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This Day In Founding Fathers History – 30 January 2013
On this day in 1815, President Madison approved an act of Congress appropriating money to purchase Thomas Jefferson’s library. The library consisted of 6,487 volumes, more than double what the Library of Congress held before the fire, and Congress appropriated $23,950 to purchase them. Jefferson’s home in Shadwell had burned in 1770, destroying all of Jefferson’s books, and he went about rebuilding his library. When DC was burned by the British in 1814, the Library of Congress’s 3,000 volumes were destroyed. Jefferson offered to sell his personal library to rebuild the collection. Jefferson stated, “I do not know that it contains any branch of science which Congress would wish to exclude from their collection; there is, in fact, no subject to which a Member of Congress may not have occasion to refer.” Jefferson went on to build his personal library yet again with several thousand books, which eventually were sold to settle his estate. A second fire in 1851 on Christmas Eve destroyed almost two-thirds of the volumes Congress purchased from Jefferson. The Library of Congress has attempted to reassemble those lost volumes. 1
In 1788 on this day, Madison’s Federalist #47 was published in the New York Packet, “The Particular Structure of the New Government and the Distribution of Power Among Its Different Parts.” This paper discusses the separation of powers among the different branches of the government. “Having reviewed the general form of the proposed government and the general mass of power allotted to it, I proceed to examine the particular structure of this government, and the distribution of this mass of power among its constituent parts…The accumulation of all powers, legislative, executive, and judiciary, in the same hands, whether of one, a few, or many, and whether hereditary, selfappointed, or elective, may justly be pronounced the very definition of tyranny…the preservation of liberty requires that the three great departments of power should be separate and distinct.” He goes on to discuss the separation of powers as regards Montesquieu’s view of the British Constitution, as well as Madison’s own view of the constitutions of the several States and the separation of powers delineated within them.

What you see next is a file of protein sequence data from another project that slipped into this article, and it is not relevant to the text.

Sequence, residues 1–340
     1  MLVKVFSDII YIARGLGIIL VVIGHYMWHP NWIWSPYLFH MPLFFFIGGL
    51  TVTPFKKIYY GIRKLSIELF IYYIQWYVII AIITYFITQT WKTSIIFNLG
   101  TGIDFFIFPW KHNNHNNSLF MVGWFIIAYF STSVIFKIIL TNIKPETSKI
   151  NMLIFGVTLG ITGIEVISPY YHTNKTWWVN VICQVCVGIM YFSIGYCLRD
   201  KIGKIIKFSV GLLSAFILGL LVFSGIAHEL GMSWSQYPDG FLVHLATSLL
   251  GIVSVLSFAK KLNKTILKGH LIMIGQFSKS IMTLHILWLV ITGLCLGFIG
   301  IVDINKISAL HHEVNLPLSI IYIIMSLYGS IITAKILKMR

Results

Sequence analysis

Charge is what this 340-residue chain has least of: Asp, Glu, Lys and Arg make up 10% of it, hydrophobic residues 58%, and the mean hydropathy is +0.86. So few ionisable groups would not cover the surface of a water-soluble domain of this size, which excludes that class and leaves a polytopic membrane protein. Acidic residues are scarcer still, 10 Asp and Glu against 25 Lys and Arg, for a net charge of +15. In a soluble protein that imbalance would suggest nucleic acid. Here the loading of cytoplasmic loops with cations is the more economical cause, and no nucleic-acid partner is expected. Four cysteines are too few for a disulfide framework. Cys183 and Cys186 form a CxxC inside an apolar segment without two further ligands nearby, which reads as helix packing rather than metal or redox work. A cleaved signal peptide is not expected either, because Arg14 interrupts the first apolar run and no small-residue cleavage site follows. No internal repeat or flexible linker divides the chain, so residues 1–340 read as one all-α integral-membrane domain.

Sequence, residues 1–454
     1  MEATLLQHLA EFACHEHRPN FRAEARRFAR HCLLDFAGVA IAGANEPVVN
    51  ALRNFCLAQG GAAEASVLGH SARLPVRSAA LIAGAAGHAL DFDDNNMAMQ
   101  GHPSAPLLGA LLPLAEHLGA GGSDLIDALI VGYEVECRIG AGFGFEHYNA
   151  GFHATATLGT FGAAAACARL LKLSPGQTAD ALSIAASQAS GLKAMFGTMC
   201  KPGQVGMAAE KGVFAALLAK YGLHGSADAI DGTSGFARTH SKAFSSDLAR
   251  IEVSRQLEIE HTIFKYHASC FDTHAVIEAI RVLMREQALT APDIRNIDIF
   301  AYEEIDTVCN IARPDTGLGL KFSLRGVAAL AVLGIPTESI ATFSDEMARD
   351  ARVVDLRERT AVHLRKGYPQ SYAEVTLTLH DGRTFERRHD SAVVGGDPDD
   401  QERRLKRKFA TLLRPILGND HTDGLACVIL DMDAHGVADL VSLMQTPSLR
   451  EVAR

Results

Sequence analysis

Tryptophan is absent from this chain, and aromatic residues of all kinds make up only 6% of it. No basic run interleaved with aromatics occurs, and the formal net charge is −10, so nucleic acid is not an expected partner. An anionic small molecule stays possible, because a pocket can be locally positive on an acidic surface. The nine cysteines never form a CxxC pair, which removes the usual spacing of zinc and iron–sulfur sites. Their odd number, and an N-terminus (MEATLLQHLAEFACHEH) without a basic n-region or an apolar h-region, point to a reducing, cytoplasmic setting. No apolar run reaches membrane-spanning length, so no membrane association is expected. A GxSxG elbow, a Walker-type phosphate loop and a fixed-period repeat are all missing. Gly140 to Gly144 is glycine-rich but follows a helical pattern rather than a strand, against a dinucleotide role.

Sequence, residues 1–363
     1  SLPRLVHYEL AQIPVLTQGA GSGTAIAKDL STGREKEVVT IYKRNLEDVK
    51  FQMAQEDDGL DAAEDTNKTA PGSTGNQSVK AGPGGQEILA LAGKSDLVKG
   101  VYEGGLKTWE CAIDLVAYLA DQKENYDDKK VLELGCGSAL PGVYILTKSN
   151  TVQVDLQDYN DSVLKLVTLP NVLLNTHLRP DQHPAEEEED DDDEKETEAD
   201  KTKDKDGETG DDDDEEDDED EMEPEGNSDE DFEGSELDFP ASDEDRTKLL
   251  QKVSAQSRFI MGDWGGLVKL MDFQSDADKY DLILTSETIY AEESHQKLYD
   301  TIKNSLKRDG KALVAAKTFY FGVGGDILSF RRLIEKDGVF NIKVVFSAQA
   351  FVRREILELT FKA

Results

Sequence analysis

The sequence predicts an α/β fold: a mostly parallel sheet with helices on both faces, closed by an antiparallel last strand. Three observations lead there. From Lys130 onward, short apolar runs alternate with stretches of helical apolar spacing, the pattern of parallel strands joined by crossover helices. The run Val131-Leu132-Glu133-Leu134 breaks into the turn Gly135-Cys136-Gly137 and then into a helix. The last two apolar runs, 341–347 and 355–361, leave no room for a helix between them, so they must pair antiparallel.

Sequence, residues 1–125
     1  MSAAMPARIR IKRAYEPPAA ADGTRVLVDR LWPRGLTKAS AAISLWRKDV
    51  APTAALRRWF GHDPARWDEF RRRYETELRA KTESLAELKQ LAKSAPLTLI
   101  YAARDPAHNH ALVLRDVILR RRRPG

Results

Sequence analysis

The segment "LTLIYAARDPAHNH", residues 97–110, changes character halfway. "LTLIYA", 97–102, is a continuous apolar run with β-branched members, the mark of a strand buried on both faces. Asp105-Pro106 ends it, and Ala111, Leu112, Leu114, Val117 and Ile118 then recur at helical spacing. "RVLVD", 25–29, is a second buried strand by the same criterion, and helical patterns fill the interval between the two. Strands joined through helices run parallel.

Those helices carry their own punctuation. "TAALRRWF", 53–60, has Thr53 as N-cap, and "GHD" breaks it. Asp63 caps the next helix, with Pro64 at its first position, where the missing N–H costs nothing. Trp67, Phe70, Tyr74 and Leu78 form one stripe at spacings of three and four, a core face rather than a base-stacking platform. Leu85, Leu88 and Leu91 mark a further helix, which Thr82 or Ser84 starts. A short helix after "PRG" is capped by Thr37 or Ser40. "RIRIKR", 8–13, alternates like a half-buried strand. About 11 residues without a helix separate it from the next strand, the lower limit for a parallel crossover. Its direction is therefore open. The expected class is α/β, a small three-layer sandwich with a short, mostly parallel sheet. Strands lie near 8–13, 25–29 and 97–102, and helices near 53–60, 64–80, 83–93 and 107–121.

“In citing these cases, in which the legislative, executive, and judiciary departments have not been kept totally separate and distinct, I wish not to be regarded as an advocate for the particular organizations of the several State governments. I am fully aware that among the many excellent principles which they exemplify, they carry strong marks of the haste, and still stronger of the inexperience, under which they were framed. It is but too obvious that in some instances the fundamental principle under consideration has been violated by too great a mixture, and even an actual consolidation, of the different powers; and that in no instance has a competent provision been made for maintaining in practice the separation delineated on paper. What I have wished to evince is, that the charge brought against the proposed Constitution, of violating the sacred maxim of free government, is warranted neither by the real meaning annexed to that maxim by its author, nor by the sense in which it has hitherto been understood in America.” 2
1 “Thomas Jefferson – Jefferson’s Library,” Library of Congress Exhibitions, www.loc.gov/exhibits/jefferson/jefflib.html; “Jefferson’s Library,” Today in History, Library of Congress, lcweb2.loc.gov/ammem/today/jan30.html
2 “The Federalist No. 47,” constitution.org/fed/federa47.htm